Munich security conference to focus on Gulf challenges
May 18 2013 01:20 AM
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The Munich Security Conference (MSC) continues its MSC core group meeting series in 2013 with a new regional focus on the Arabian Gulf. On May 21 and 22, the MSC will for the first time meet in Doha.

Hosted by the chairman of the MSC, Ambassador Wolfgang Ischinger, around 50 senior decision-makers and government, business and civil society representatives from Europe, the United States and the Middle East will discuss questions of global and regional security. Representing Qatar will be HE the Prime Minister and Foreign Minister Sheikh Hamad bin Jassim bin Jabor al-Thani.

Following core group conferences in Washington (2009), Moscow (2010) and Beijing (2011), the fourth MSC core group meeting in Doha will focus on the Middle East.

Insurgency and unrest facing the Arab world are confronting the region and the international community with major challenges. The “Arabellion”, which encompassed many countries in North Africa, the Sahel region and the Middle East and resulted in armed conflicts in Libya and Syria, has affected Europe politically, economically, geo-strategically and in terms of human rights policy.

At the same time, the Middle East - being a prime energy provider - will remain one of the most economically important regions in the world. Issues concerning regional co-operation, like the ones motivated by activities of the Gulf Co-operation Council (GCC) or the Organisation of Islamic Co-operation (OIC), will become increasingly important. Apart from these subjects, the meeting will also focus on some of the topics that were on the agenda of the 49th MSC at the beginning of February, such as the escalating conflict in Syria and Iran’s disputed nuclear programme.  

Besides local representatives, a host of prominent speakers and participants are expected at the MSC Core Group Meeting in Doha. They include Yemeni Nobel Peace Prize winner Tawakkul Karman, former High Representative of the European Union for Foreign Affairs and Security Policy and former Secretary General of Nato Javier Solana, Deputy Secretary General of the European External Action Service Helga Schmid, State Secretary at the Federal Ministry for Economy and Technology Anne Ruth Herkes (former Ambassador to Qatar), member of the German Bundestag and Chairman of the Committee on Foreign Affairs Ruprecht Polenz, former member of the US Congress and Director of the Woodrow Wilson International Centre for Scholars Jane Harman, former US National Security Adviser Stephen Hadley as well as Chairmen Nikolaus von Bomhard (Munich Re), Hans-Jörg Rudloff (Barclay’s Investment Bank) and Nemir Kirdar (Investcorp).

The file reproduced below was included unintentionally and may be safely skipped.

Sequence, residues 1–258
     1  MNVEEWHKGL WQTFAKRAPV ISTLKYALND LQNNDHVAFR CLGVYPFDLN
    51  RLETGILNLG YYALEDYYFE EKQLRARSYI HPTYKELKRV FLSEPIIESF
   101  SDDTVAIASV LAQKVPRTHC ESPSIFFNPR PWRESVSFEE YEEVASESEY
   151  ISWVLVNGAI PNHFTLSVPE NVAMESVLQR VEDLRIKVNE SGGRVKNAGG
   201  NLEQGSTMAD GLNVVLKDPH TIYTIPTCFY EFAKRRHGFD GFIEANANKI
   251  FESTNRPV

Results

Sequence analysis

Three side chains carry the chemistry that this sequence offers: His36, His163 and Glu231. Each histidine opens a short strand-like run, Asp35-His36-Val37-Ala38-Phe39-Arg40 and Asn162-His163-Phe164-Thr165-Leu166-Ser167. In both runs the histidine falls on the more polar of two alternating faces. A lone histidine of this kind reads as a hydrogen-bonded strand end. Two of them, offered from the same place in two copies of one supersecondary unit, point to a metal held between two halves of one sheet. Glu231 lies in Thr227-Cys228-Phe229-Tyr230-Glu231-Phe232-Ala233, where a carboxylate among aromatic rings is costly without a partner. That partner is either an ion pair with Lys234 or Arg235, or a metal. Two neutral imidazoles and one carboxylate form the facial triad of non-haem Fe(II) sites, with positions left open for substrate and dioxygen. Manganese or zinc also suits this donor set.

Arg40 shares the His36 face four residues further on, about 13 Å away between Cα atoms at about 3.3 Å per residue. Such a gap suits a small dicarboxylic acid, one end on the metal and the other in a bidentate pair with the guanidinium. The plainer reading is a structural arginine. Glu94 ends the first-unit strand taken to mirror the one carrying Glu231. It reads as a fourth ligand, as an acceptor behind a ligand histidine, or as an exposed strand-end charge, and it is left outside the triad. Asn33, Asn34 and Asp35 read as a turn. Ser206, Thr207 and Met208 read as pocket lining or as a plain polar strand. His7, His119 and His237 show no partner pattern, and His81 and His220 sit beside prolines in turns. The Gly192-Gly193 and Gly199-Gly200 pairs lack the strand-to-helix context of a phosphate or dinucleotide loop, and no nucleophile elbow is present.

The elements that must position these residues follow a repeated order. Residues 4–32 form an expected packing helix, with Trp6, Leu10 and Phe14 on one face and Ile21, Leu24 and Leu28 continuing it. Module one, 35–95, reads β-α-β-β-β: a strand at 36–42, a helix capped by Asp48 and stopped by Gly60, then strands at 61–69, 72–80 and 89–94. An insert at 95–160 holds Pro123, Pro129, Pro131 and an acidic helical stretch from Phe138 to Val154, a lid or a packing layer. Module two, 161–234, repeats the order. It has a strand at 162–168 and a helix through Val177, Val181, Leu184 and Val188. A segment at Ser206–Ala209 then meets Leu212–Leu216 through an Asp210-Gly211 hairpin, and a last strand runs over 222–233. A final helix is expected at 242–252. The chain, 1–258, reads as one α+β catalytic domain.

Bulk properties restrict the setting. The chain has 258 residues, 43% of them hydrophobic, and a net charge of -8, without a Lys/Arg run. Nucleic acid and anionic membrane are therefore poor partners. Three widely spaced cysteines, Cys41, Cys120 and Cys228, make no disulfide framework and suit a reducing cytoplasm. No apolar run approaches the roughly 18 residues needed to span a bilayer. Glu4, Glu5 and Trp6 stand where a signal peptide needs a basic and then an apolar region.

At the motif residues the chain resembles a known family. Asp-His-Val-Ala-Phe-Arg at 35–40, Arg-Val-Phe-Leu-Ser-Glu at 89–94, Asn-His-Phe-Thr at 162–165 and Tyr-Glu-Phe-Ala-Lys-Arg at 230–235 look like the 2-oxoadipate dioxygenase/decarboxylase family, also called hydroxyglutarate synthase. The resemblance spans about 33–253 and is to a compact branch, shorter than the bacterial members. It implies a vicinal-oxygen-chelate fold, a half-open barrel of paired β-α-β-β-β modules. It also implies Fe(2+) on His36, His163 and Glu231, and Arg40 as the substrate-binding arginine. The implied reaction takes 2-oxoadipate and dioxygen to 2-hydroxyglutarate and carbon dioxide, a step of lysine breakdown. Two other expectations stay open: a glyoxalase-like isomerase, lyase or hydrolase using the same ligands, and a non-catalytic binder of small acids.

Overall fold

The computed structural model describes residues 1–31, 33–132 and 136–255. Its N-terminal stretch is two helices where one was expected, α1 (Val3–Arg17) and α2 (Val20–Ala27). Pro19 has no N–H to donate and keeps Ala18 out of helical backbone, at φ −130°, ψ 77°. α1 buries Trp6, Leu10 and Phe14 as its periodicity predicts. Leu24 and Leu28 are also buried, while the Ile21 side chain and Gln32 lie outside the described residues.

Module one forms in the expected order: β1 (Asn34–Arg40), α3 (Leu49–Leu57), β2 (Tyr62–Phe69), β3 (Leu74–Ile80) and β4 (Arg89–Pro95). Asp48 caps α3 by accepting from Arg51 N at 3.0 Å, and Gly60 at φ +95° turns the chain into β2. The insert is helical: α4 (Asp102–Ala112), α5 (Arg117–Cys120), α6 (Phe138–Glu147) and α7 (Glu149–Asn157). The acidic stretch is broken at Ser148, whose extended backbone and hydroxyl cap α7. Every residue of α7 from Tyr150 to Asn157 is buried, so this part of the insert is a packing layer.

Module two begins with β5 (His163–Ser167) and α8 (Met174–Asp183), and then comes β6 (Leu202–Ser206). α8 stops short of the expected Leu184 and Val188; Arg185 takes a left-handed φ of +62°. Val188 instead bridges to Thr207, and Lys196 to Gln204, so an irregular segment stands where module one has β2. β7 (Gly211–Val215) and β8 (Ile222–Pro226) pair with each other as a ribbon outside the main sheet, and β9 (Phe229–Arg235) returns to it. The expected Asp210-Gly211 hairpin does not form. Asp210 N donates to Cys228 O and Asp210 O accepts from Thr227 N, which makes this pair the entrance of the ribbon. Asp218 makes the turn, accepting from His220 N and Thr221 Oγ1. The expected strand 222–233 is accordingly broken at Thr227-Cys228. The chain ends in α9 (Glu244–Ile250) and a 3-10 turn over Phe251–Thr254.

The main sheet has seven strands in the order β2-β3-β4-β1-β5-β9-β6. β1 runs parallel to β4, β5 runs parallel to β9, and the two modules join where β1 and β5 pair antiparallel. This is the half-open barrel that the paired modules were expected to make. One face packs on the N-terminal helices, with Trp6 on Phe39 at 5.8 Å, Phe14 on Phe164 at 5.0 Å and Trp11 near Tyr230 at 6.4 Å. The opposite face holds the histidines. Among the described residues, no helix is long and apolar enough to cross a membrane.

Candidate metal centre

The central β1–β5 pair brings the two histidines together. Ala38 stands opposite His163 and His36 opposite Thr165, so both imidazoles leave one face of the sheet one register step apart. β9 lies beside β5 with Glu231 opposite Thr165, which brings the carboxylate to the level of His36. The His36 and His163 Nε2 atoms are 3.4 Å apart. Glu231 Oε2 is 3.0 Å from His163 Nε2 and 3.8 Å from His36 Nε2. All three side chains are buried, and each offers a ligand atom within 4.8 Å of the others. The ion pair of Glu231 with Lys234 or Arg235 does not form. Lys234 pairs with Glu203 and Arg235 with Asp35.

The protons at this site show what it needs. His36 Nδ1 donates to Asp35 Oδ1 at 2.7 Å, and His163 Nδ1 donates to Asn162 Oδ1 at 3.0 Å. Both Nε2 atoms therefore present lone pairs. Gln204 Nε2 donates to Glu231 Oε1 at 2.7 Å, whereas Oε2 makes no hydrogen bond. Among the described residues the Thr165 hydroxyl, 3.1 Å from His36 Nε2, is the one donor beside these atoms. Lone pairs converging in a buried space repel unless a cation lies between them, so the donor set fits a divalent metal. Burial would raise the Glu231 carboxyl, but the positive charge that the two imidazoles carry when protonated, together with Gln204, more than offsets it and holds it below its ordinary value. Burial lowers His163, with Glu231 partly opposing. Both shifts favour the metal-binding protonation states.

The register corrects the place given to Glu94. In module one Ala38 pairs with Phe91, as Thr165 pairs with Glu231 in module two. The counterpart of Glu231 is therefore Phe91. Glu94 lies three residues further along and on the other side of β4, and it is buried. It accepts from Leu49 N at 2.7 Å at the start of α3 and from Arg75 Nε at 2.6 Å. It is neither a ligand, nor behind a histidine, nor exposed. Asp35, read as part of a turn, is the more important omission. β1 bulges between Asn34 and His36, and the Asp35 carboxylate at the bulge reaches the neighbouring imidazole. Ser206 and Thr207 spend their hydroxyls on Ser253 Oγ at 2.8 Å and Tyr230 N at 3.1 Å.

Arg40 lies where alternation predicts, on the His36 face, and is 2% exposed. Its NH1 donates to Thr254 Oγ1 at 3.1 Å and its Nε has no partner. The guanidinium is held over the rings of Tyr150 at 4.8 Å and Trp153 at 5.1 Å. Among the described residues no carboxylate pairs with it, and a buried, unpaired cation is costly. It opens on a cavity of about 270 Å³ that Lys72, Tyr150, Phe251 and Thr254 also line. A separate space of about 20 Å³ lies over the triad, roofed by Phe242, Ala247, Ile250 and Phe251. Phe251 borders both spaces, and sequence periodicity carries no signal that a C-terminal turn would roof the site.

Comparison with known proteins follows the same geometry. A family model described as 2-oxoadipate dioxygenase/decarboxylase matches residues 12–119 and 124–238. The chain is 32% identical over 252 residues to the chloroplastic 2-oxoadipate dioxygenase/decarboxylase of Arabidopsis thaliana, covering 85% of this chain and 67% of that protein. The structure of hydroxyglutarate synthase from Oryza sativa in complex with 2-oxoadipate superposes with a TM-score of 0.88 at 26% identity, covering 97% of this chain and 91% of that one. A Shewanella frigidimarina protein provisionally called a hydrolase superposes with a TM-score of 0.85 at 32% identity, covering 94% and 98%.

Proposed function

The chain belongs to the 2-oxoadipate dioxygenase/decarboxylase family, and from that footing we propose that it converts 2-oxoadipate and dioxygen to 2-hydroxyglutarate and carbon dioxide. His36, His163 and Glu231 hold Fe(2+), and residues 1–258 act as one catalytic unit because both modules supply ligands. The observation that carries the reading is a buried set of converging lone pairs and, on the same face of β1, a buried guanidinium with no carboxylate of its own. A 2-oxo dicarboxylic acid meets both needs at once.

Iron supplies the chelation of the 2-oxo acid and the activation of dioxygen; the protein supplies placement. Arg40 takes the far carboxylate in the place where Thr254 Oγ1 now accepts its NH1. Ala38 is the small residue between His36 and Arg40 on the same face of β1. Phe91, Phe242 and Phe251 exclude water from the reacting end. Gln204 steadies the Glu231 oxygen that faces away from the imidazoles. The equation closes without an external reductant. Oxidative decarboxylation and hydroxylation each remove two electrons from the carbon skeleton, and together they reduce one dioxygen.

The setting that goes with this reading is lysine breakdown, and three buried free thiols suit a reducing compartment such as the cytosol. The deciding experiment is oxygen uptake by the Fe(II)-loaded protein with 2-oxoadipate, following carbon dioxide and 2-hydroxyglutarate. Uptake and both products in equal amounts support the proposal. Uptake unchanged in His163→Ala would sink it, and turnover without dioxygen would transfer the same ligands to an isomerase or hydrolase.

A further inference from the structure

Ambassador Ischinger said: “The enduring developments in the Arab region, which are absolutely relevant for Europe, have motivated the Munich Security Conference to discuss the regional security challenges in depth. Right now, there is probably no other part of the world posing that many key security issues - for instance, the increasingly escalating conflict in Syria, the conflict over Iran’s nuclear programme, the US energy revolution and its effects on security policy, or the way ahead in the Arab Spring countries. A changing Arab world might produce new instability hotspots, but it also has a great potential to bring more openness and democratic and economic development to the western world and the region. So, right now, it is crucial for the West to keep an eye on the region.”

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